A Day of Simple Living. The early morning was gray and overcast, but late morning brought sunshine and a sky with a shade of blue you only see the day after a rain.
It had rained four inches that Sabbath and by Sunday our land was soaked, muddy, and puddled. The ground was perfect for planting. Spring Gardening: Tomatoes, Celery and 8 Other Foods You Can Regrow From Scraps. Update: Our Sweet Potatoes & More. Some of you have been asking for updates on our houseplant projects — today we’re bringing you a progress report on our sweet potatoes!
Last we checked in, they were hanging out all happy in their coffee sack bag planters, but not really showing any major growth (pictured above). After letting them sit and do their thing for about a month, the vines have really begun to take off: We’re at the point now where we’re considering filling more dirt into the bag to cover the lower portion of the vine and just roll the sides of the bags up as we add dirt.
We haven’t been squeezing or poking the bottom of the bag to feel if any potatoes have begun to form — though we will admit it’s been tempting. We’re just patiently waiting and watching, in hopes it will flower in late August and produce something in the early fall. Eat Wild. Encourage Prosperity, Alleviate Famine and Heal the Environment with Hemp. By Carolanne Wright Guest Writer for Wake Up World Hemp.
Just the word conjures images of the Drug Enforcement Administration and political battles. But industrial hemp is a far cry from marijuana and contains almost zero THC. An ancient crop, hemp has served humanity since 2000 BCE — providing fibers for cloth and rope, building materials and paper. A patriotic plant George Washington declared, “Grow it everywhere, hemp is greatly viable for winning the war and sustaining a future fantastic for America.” Raised garden beds: hugelkultur instead of irrigation. Raised garden bed hugelkultur after one month raised garden bed hugelkultur after one year raised garden bed hugelkultur after two years raised garden bed hugelkultur after twenty years It's a german word and some people can say it all german-ish.
I'm an american doofus, so I say "hoogle culture". I learned this high-falootin word at my permaculture training. Hugelkultur is nothing more than making raised garden beds filled with rotten wood. Vertical Gardening Tips - Organic Gardening. A few years back I was leading an old friend through my garden, all the while bemoaning my lack of growing space, when he suddenly interrupted me and asked, "Why do people build skyscrapers?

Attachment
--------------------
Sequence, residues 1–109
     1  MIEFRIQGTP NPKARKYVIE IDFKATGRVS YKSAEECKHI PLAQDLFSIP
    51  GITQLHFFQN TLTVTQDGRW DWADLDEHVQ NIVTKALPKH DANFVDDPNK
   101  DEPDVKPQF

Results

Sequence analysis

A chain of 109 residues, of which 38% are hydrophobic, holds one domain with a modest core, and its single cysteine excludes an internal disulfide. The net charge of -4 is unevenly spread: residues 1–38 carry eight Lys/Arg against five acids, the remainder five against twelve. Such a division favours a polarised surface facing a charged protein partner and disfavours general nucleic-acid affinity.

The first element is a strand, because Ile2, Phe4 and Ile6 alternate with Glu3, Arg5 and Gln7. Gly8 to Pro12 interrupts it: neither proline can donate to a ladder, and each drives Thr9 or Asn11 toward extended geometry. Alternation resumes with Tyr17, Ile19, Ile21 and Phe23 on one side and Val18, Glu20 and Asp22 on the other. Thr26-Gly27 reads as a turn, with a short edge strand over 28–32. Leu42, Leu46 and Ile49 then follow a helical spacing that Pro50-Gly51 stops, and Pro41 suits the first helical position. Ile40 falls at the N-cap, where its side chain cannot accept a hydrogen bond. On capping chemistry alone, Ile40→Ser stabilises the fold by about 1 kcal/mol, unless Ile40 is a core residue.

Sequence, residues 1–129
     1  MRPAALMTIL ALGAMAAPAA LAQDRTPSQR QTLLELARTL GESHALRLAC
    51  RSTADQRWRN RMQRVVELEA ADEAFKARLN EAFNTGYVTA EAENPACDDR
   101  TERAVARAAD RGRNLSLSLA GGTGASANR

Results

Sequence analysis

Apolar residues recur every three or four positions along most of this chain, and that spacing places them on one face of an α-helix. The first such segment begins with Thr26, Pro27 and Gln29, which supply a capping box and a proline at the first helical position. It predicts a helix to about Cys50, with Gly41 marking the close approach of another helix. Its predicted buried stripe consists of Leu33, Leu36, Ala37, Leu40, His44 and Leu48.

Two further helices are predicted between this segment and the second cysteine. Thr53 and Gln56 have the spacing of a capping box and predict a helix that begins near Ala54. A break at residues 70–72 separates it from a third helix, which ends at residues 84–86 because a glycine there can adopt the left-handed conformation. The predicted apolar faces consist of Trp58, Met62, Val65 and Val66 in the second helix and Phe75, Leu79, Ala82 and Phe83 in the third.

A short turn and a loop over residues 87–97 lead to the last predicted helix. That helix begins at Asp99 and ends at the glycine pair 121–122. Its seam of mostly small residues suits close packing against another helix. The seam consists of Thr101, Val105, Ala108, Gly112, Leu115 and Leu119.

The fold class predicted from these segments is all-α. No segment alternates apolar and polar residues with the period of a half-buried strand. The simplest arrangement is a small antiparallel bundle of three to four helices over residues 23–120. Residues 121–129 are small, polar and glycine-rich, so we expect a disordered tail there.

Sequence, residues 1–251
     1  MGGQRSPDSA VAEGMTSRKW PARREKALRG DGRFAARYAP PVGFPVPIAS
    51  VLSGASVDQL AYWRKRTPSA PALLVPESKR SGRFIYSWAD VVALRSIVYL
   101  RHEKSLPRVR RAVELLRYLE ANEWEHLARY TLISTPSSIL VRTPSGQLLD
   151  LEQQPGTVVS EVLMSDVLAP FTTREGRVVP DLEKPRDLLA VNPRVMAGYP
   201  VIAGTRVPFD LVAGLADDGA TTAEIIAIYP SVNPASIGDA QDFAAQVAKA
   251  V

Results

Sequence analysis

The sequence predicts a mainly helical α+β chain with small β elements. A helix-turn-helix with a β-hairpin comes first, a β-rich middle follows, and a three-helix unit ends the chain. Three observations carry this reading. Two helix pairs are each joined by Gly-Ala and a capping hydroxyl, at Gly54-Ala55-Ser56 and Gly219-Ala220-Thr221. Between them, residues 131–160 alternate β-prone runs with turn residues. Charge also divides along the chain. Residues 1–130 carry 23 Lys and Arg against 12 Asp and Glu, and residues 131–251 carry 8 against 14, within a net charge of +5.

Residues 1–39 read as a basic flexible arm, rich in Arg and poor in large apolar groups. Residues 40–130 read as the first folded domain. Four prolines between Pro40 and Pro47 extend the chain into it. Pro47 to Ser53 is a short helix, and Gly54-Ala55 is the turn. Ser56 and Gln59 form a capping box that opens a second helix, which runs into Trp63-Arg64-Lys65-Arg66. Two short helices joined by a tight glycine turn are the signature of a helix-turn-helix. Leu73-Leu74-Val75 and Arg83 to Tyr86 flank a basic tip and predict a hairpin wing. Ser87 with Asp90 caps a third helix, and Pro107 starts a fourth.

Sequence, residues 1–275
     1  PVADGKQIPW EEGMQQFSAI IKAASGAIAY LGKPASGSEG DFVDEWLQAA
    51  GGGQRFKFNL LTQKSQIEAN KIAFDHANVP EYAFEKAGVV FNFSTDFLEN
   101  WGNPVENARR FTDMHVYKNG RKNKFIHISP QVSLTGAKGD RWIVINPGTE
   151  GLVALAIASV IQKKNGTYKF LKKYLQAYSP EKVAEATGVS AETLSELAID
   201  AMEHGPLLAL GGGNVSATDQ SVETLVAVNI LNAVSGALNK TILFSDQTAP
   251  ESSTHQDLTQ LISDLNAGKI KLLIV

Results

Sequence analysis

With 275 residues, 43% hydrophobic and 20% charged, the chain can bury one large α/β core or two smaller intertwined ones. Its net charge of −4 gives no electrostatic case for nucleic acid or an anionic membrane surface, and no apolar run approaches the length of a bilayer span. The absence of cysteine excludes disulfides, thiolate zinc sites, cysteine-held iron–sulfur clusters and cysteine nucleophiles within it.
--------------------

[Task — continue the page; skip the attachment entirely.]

" What this had to do with my overcrowded garden, I hadn't a clue. "So they can cram a lot of people into a place without using up much ground room? " I ventured. "Exactly. Sort of like your garden, wouldn't you say? My friend was right. One more thing: Most bush varieties were bred from climbing ones, and many growers think the original climbing cultivars have better, old-fashioned flavor.
Of course, short varieties do offer some conveniences. Amaranthus, King of “Grains” « The Arid Land Homesteaders League. Amaranth, pigweed Amaranthus spp.
Among the many horrible things Europeans did to natives of the “new world” to suppress them, and ultimately attempt to render their culture extinct was to separate them from their food. Though a few new world crops were allowed into the cornucopia of everyone living in the new world, many crops were forbidden. Amaranth was one of those contraband crops. Among many tribes, especially in tropical and subtropical America, amaranth was the most important staple food, and a central element in native religion. Diabetes, a huge epidemic among native people, was unknown before Europeans imposed their ways of eating and living on the indigenous people. Folk taxonomy puts Amaranth with the grains. Amaranth seeds looks similar to quinoa, a distant relative, but much smaller.
There are many species of amaranth, and all are probably edible, though some lend themselves better to seed production, while others are better suited for greens. Golden Giant Amaranth. Organic Farms in Southwestern Ontario. 16 Foods That’ll Re-Grow from Kitchen Scraps. By Andy Whiteley Co- Founder of Wake Up World Looking for a healthy way to get more from your garden?
Like to know your food is free of the pesticides and other nasties that are often sprayed on commercial crops? Re-growing food from your kitchen scraps is a good way to do it! There’s nothing like eating your own home- grown vegies, and there are heaps of different foods that will re- grow from the scrap pieces that you’d normally throw out or put into your compost bin. It’s fun. Just remember … the quality of the “parent” vegetable scrap will help to determine the quality of the re-growth.
Leeks, Scallions, Spring Onions and Fennel You can either use the white root end of a vegetable that you have already cut, or buy a handful of new vegetables to use specifically for growing. Spring Gardening: Tomatoes, Celery and 8 Other Foods You Can Regrow From Scraps. 17 Apart: How to Grow Green Onions Indefinitely. I'm officially dubbing this the week of Scallions and Pinterest.
Mary and I separately came across 2 trending ideas for using and growing green onions on the highly addictive bookmarking site, Pinterest, last week — we couldn't wait to try them. When I came home over the weekend with a bunch of scallions, Mary exclaimed, "did you see this scallion/ginger sauce I pinned — you should totally make that! " Little did she know I had pinned it hours before her, which is virtually light years in terms of Pinterest discoveries.
I had been planning to make this ginger scallion sauce from Lottie + Doof since I first set eyes on it. Find my own variation on the recipe newly published on E.A.T. — this is one I'd definitely recommend trying.